The three-judge panel didn’t seem inclined to either side, instead acknowledging the lawsuit’s novel qualities.
On Tuesday, three federal judges heard arguments in the ‘Climate Kids’ lawsuit that the federal government is hoping to have dismissed before it can ever go to trial.
The New York Times reports that the panel, comprised of judges from the 9th Circuit Court of Appeals, grilled attorneys for the Climate Kids and the federal government.
At the crux of the suit is the plaintiffs’ contention that Washington is violating tenants of the U.S. Constitution by refusing to address—and, in many cases, contributing to—global climate change. A brief filed by the Climate Kids’ lawyers claim that youth are being deprived of their “rights to life, liberty, property, and public trust resources by federal government acts that knowingly destroy, endanger, and impair the unalienable climate systems that nature endows.”
But the government has continued to insist that the judiciary isn’t properly equipped to dictate climate policy—something Washington says is the exclusive domain of Congress.
Nonetheless, the plaintiffs’ brief argues that “that these young people deserve” a “chance to present their full case against those who through their governance harm them, and let the light of justice fall where it may.”
The plaintiffs have also petitioned the government to halt new fossil fuel extraction projects while the case remains unresolved.
But the Times notes Washington’s resistance to the entire process. Justice Department attorneys say the Climate Kids’ demands for a courthouse solution are untenable, “essentially placing a single district court in Oregon—acting at the behest of a few plaintiffs with one particular perspective on the complex issues involved—in charge of directing American energy and environmental policy.”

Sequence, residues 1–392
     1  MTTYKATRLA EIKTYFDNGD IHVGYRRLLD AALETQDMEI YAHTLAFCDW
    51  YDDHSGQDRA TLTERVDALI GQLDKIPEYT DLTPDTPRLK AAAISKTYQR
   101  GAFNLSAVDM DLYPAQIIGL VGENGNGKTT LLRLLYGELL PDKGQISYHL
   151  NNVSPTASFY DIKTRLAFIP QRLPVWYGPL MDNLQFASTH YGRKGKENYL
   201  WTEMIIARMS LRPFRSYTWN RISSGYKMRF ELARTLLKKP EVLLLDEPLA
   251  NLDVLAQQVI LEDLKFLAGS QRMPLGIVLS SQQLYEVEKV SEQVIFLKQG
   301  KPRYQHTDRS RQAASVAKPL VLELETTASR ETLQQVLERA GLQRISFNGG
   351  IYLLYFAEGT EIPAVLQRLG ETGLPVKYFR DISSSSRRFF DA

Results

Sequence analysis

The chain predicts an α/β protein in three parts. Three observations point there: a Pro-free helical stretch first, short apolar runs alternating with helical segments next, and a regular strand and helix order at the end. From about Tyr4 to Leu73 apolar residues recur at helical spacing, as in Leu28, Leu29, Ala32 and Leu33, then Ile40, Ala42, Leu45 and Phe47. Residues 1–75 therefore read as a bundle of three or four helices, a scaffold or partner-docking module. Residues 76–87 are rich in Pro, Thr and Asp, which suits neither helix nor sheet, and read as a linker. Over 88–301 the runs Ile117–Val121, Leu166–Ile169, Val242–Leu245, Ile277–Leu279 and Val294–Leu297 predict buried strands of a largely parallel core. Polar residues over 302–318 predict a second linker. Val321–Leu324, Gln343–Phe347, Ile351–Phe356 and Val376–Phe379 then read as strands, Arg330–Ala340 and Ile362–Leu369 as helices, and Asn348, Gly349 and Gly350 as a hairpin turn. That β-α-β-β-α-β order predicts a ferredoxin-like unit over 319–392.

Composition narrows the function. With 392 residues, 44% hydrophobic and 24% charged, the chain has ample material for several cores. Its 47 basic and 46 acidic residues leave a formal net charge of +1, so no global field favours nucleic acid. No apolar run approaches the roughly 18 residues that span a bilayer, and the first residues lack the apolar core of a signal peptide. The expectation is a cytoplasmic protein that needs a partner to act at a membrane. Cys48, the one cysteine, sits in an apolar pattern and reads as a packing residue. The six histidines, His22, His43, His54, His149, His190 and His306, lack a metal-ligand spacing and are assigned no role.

Judge Andrew D. Hurwitz purportedly “leaned” into that position, challenging government attorneys who claim that, even if Washington is doing harm through inaction on climate change, that a lawsuit isn’t the right way to intervene.
Hurwitz, writes the New York Times, apparently led the Justice Department through a “far-fetched” hypothetical scenario, which involved Canadian terrorists crossing the U.S. border and kidnapping children.
Hurwitz said the government’s assertion that courts can’t compel action might mean that the hypothetical children would “no option but to die.”
However, Hurwitz also grilled the plaintiffs’ lead attorney, Julia Olson, on wanting the judiciary “to do a lot of new stuff.”
It’s difficult to tell where the 9th Circuit Court of Appeals may go with its decision—the Times spoke to legal experts who said it’s quite possible the judges may dismiss the entire suit. Even if they don’t, the Supreme Court, now controlled by a conservative majority, could decide to do away with it.
“If the Ninth Circuit expresses a view about the proper of the courts in addressing climate change, that could have broad implications for other cases,” said Columbia Law School Professor Michael Gerrard. “But it is also possible that the court will rule on narrow procedural grounds that apply only to this case.”
And the Times also quotes Sean Hecht, co-executive director of the Emmett Institute on Climate Change and the Environment at the University of California, as opining that the judges, while aggressive in their questioning, have yet to “really tip their hand.”